Trade war mixed blessing for printers

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The US-China trade war is having an impact on international stock markets and supply chains – but there may be silver linings for Australian printers.

(Image by Keith Skipper, CC BY-SA 2.0)
There are both challenges and opportunities for Australian printers in the US-China trade war. (Image by Keith Skipper, CC BY-SA 2.0)

The trade war has alarmed Australian economists, with the Australian dollar sinking below 70 US cents due to the disruption – but that’s a positive for print, says Andrew Macaulay, CEO PIAA.

“The Australian dollar will be low for the foreseeable future, and that will be good for Australian exports, which is generally good for Australian packaging and labelling, which often involves premium print.

“We are starting to become competitive in some markets – we have some members who export print, and the high dollar was impacting them. This will be good for them. Super-efficient printers are also more competitive in the export of printed material,” he told Print21.

Macaulay says the trade war is a two-edged sword, though, with the low dollar also making imports of consumables and components more expensive.

“That means paper, capital equipment, those types of things. The trade war has also brought the concept of tariff barriers back into Australian policy thinking, which is not good for Australian print where the biggest consumable is paper and most of it is imported. We’re addressing that with the government right now,” he said.

Louise McGrath, international trade advocate at the Australian Industry Group, told Print21 that disruptions may mean print buyers will be less likely to offshore time-sensitive work.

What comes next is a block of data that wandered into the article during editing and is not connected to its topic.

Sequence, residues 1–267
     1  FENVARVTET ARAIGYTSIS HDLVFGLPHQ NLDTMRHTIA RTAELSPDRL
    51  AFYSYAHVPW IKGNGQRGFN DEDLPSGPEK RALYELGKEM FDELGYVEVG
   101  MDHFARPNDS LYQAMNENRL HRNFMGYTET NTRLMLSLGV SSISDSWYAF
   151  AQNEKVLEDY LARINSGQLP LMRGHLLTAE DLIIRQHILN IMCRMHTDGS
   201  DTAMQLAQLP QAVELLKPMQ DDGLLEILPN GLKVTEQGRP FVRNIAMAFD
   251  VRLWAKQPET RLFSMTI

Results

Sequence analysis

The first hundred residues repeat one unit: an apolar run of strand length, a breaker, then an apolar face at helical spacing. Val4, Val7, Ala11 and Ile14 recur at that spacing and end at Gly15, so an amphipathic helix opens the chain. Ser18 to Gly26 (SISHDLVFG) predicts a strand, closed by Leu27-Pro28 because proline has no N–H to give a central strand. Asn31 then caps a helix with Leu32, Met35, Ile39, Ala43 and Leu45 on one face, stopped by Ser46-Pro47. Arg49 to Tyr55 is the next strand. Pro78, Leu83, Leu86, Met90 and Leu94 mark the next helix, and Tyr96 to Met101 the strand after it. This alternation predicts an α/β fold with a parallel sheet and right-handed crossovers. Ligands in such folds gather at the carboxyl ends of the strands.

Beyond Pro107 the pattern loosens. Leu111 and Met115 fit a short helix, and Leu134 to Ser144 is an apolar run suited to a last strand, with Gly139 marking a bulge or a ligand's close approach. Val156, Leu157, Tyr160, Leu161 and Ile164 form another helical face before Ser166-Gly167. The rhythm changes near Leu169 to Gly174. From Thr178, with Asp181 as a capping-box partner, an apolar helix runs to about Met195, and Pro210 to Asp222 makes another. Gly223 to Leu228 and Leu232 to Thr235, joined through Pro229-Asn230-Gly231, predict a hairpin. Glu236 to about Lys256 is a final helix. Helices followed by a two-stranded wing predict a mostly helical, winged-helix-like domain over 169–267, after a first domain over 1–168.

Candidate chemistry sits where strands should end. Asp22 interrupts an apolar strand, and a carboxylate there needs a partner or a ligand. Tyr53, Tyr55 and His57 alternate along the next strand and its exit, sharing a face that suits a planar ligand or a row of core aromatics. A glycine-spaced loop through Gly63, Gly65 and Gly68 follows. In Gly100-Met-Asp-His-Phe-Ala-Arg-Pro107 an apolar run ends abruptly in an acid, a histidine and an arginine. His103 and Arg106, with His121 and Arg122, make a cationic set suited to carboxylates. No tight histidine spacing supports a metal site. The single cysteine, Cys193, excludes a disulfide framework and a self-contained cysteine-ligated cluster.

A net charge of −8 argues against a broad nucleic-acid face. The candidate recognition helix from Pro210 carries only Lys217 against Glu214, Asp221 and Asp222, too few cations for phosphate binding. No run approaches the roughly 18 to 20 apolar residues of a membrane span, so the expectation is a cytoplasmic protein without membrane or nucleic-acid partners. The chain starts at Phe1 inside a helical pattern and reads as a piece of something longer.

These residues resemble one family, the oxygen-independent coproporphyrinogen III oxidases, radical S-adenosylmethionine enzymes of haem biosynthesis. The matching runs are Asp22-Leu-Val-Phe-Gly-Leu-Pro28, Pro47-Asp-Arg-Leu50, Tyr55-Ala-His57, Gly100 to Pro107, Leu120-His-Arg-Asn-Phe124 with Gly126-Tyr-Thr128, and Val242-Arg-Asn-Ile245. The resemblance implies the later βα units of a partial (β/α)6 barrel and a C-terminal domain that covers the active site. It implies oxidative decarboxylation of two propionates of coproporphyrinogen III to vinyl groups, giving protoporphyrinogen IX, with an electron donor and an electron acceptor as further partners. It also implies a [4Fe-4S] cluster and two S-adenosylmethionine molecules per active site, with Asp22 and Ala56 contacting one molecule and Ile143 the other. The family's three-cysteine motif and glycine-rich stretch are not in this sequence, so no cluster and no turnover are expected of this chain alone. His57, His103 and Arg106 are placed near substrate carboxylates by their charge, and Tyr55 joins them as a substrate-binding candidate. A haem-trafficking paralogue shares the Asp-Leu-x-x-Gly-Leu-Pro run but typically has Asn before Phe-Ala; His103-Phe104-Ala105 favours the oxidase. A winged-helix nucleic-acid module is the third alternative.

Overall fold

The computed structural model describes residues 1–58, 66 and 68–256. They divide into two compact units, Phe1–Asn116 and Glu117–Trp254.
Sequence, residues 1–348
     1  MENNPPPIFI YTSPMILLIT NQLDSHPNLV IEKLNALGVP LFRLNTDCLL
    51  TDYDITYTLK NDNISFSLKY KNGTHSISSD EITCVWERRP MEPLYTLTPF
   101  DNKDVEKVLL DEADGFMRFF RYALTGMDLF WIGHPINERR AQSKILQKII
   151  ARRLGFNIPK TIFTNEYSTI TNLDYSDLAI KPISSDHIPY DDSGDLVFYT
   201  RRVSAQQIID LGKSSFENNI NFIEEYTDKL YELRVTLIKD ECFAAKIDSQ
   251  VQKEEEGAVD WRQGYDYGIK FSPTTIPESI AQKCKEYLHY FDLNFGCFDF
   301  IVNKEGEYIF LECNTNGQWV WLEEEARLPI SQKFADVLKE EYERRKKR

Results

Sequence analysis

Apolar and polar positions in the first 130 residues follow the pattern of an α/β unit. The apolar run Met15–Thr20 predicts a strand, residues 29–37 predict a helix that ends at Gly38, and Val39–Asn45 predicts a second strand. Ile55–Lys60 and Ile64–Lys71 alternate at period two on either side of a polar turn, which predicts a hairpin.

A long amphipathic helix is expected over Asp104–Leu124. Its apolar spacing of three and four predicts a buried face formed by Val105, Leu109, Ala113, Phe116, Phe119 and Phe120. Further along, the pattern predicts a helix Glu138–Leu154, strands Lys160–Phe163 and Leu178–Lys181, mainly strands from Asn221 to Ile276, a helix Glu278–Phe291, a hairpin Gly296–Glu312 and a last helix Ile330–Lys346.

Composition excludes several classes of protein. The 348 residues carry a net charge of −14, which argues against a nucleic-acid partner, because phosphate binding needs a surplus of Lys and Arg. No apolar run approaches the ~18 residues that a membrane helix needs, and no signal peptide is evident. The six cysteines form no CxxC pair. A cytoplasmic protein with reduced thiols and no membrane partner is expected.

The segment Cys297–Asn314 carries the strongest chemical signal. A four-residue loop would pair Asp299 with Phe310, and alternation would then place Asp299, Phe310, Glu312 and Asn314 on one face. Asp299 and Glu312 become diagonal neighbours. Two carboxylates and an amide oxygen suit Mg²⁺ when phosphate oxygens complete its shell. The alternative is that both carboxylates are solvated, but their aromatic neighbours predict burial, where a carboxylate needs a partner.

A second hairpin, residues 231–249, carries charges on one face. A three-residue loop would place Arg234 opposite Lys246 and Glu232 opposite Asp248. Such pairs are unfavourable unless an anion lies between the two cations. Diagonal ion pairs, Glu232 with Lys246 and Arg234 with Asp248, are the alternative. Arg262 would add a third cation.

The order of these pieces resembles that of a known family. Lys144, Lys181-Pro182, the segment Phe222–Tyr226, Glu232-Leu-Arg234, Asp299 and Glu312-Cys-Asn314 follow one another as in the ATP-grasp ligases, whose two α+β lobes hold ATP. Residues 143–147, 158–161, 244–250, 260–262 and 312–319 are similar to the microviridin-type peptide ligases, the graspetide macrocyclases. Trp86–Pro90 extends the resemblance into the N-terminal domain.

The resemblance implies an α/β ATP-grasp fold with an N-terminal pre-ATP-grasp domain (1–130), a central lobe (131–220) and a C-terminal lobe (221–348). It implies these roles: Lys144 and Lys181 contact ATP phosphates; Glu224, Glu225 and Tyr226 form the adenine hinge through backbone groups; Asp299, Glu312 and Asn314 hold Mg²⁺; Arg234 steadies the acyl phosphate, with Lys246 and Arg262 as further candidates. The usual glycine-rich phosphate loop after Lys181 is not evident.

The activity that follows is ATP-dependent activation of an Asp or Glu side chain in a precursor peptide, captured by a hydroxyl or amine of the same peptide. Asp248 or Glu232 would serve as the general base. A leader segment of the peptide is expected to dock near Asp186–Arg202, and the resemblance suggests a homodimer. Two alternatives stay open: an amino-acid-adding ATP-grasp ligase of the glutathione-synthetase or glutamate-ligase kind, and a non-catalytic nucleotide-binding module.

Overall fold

“One of the advantages for the print industry in terms of offshoring is timeliness. If there’s a disruption in shipping lines, for example, you’re not going to risk sending printing work offshore,” she said. “Long-term printing work is unlikely to change, but short-term jobs might.”

There are supply chain risks for manufacturers, however, with concerns around availability of equipment and consumables.

“It is complicated for Australian manufacturers because the US and China are an integral part of our supply chain. We use a lot of American technologies and a lot of Chinese imports. Someone might make a machine using American technology, but the bolts holding it together would be from China.

“When the tariffs first hit in the US there was difficulty getting product from China, because Chinese traders were stockpiling product there before tariffs began. That meant there was no excess supply, and we had a lot of complaints from members that they couldn’t get products from China. Australian manufacturers had no opportunity to access that product,” said McGrath, and warned that similar behaviour may again take place when new tariffs hit in September.

McGrath has advised manufacturers to keep on top of supply chains to avoid nasty shocks.

“Manufacturers need to have lots of conversations with suppliers and customers to make sure they won’t be surprised by any interruption to supply. That could be because of increased tariffs, or because there’s someone willing to pay a bit more, shrinking supply,” she said.

The ASX suffered two straight days of heavy losses this week and the Dow Jones lost 1000 points, while China lowered its currency to below seven yuan to the US dollar – its lowest rate against the greenback in more than 10 years – in a move US president Donald Trump labelled “currency manipulation”.

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